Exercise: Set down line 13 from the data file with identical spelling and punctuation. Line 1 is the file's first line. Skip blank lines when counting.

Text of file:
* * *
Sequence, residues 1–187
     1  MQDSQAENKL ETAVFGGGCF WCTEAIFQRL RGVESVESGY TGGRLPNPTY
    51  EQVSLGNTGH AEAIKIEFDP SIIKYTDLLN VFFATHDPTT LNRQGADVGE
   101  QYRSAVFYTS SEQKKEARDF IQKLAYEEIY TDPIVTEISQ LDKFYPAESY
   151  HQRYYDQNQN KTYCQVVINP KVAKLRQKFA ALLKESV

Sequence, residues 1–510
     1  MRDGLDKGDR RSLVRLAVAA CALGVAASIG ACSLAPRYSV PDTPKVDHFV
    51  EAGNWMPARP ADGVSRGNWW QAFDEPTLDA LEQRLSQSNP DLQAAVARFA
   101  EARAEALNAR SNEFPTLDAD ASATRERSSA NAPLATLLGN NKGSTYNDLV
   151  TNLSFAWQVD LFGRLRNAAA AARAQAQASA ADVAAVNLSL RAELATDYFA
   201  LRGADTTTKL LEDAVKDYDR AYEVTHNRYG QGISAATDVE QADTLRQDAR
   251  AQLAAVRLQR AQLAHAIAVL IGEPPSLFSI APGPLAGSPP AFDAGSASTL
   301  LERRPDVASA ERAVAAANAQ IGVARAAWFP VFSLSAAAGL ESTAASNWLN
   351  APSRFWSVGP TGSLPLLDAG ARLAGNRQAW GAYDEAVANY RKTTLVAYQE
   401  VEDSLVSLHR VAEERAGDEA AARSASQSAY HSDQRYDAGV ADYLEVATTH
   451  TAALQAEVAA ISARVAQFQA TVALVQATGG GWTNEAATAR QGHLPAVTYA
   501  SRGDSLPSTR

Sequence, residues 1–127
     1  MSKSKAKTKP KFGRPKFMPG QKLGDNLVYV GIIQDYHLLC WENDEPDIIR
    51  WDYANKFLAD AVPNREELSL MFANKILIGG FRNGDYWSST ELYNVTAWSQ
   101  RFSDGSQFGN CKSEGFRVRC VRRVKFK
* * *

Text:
   301  LERRPDVASA ERAVAAANAQ IGVARAAWFP VFSLSAAAGL ESTAASNWLN